Extra measures could be placed on top of Tier 3 restrictions – Vallance
Local areas could introduce “extra measures” on top of Tier 3 coronavirus restrictions because the alert level’s “baseline” is not enough alone to reduce infection rates, the Government’s chief scientific adviser has suggested.
During a Downing Street press conference yesterday, Sir Patrick Vallance said that “local knowledge and local insight” would help inform further measures to drive the R number below one.
His comments echo those of England’s chief medical officer Professor Chris Whitty, who earlier this week said that the flexibility within the new three-tier system of alert levels for England could see “additional” measures guided by local health leaders.
Sir Patrick said: “It’s crucial that where the R is above one and the numbers are high, to get the R below one for all the reasons that have been outlined, including, of course, the hospitalisations which are increasing. So it’s crucial that’s done and there are a number of ways that it can be done.
“And as the chief medical officer said, Tier 3 baseline conditions on their own, almost certainly aren’t enough to get the R below one.
“But if you go to higher levels in Tier 3 and start adding in other areas then… they should be enough to get R below one, provided they are fully implemented and we all stick to them.
The reproduction number, or R value, of coronavirus transmission across the UK still remains above one.
R represents the average number of people each Covid-19 positive person goes on to infect.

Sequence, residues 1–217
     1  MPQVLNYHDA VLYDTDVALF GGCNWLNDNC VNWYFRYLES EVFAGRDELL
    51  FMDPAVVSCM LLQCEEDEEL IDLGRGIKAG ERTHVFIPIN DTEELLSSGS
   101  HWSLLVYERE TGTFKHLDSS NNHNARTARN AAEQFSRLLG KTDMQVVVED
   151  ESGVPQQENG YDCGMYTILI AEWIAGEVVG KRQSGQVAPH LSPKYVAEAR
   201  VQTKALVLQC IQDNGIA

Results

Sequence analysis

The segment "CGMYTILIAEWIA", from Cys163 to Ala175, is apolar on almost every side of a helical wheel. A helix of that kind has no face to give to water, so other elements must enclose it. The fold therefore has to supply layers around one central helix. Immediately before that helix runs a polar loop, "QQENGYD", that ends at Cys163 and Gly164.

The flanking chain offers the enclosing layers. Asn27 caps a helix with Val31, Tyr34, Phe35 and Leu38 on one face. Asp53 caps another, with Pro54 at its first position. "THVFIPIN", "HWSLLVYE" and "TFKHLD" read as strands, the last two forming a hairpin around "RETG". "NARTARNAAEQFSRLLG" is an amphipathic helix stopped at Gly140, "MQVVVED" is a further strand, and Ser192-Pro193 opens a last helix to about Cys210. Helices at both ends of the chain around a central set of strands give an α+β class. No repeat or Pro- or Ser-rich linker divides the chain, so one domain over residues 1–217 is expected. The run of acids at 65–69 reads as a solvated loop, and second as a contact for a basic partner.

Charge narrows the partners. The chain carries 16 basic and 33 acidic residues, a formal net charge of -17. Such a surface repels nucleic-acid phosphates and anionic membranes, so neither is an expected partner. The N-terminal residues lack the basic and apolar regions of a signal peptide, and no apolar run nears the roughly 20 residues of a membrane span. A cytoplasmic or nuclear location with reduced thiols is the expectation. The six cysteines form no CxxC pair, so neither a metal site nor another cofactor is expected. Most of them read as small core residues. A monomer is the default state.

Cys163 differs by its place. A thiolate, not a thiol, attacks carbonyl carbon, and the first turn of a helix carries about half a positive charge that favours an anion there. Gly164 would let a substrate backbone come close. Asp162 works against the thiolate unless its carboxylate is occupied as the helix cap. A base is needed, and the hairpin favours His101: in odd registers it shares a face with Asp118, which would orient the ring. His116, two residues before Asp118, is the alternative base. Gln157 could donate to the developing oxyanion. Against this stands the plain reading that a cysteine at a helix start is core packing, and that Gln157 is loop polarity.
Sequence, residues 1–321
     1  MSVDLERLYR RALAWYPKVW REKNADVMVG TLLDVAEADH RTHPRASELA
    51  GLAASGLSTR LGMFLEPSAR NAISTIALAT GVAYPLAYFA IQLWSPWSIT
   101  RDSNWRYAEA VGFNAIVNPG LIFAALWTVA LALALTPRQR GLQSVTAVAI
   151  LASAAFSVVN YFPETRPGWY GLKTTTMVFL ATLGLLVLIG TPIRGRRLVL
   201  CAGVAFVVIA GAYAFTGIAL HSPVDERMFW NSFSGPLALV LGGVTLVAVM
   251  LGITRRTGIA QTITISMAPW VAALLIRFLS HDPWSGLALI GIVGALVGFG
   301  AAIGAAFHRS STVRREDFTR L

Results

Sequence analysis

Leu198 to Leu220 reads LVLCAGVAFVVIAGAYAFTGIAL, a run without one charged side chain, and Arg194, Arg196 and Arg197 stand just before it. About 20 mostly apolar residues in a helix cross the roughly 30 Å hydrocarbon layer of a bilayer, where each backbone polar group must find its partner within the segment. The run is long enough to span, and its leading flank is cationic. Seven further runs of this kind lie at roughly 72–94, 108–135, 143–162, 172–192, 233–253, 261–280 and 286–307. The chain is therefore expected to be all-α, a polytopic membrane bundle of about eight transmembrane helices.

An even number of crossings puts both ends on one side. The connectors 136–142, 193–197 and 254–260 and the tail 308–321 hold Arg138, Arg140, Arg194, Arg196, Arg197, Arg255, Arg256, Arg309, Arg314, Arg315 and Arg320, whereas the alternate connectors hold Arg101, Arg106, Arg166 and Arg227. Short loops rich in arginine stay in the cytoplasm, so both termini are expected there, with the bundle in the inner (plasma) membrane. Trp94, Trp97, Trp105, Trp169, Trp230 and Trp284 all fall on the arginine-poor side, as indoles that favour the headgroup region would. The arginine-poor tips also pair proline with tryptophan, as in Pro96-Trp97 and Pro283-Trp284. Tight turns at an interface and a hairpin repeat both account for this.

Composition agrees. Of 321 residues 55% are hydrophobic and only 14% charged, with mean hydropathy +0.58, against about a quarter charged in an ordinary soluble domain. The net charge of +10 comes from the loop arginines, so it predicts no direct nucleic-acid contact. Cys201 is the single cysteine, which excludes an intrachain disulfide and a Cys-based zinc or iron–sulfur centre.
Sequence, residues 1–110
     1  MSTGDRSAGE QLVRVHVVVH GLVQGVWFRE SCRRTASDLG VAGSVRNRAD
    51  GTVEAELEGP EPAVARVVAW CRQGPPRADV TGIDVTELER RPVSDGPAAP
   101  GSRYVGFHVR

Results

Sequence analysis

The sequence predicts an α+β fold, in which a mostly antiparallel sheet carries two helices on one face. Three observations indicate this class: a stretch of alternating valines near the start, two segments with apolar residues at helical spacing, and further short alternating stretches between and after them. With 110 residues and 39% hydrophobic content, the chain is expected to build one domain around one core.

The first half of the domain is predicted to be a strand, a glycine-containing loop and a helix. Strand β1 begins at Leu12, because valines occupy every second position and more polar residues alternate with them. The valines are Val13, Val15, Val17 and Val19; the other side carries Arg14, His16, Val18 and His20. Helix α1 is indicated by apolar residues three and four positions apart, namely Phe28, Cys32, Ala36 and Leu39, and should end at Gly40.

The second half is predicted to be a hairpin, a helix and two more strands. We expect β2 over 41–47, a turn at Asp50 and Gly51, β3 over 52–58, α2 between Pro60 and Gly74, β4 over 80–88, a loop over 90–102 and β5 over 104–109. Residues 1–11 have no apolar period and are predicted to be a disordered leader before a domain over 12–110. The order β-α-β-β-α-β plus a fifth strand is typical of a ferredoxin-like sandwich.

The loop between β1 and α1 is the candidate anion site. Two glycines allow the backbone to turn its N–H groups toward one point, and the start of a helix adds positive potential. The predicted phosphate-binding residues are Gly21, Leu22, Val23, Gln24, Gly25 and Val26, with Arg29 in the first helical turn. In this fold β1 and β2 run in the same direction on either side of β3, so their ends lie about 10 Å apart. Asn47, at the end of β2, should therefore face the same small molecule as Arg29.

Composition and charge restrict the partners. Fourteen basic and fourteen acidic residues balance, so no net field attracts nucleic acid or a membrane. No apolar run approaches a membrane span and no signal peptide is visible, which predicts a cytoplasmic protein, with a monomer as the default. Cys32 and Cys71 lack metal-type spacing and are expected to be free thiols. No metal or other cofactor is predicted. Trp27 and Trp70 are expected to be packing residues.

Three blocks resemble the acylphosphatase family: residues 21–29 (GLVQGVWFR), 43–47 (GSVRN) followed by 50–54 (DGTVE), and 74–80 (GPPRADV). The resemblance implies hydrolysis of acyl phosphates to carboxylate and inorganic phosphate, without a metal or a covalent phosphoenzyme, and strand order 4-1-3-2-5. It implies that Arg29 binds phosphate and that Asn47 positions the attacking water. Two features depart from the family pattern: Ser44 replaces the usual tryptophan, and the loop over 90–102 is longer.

Asked for examples of further measures could help drive the R number below one, Sir Patrick said: “In terms of the extra measures, they’re all laid out what the extra measures are, and I think that’s where local knowledge and local insight can add and make sure that enough of those extra measures are put on top of baseline Tier 3 in order to get this working and to get the R below one.”
According to guidance covering businesses and venues in Tier 3 areas – those under the “very high” alert level – the Government could seek to agree “additional measures” in consultation with local authorities.
Options listed on the Government’s website include restrictions preventing the sale of alcohol in the hospitality sector, or closing down all venues while allowing for takeaway and delivery.
Tourist attractions, leisure centres, gyms, libraries, performing arts venues, community centres and “personal care and close contact services” could also be closed while ensuring the provision of elements like youth clubs, support groups and disabled sport remained.
In the Liverpool City Region, which is classified as Tier 3, additional measures to “baseline guidance” include not permitting the opening of casinos, betting shops, adult gaming centres, indoor gyms, fitness and dance studios and sports facilities – with an exemption for organised indoor team sports for disabled people and under-18s activities.
But in Lancashire, which will enter the “very high” alert level on Saturday, additional measures are slightly different.
From Monday, casinos, bingo halls, betting shops and adult gaming centres, soft play areas and car boot sales will not be allowed to open.
The press conference on Friday comes amid pressure on the Government to implement a short “circuit-breaker” lockdown across the country.
Commenting on the concept, Sir Patrick said: “A circuit breaker is a way of really pushing measures to the hard level to get R below one quickly and then to release it, and that would break transmission whenever you do it and it would therefore slow and buy some time in the epidemic.
“So it’s a way of doing it locally or nationally, but of course, in a way, it’s just an extreme version of what you’re trying to do to try and get R below one anyway.
“So there are different ways in which you can get R below one, and the circuit breaker idea is one way to do it in a sort of short, defined period.”